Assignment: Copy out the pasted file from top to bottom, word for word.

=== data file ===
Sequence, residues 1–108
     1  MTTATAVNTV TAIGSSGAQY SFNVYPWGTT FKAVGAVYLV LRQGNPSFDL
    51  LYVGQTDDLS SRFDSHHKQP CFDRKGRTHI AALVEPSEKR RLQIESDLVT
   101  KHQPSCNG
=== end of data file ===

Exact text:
Sequence, residues 1–108
     1  MTTATAVNTV TAIGSSGAQY SFNVYPWGTT FKAVGAVYLV LRQGNPSFDL
    51  LYVGQTDDLS SRFDSHHKQP CFDRKGRTHI AALVEPSEKR RLQIESDLVT
   101  KHQPSCNG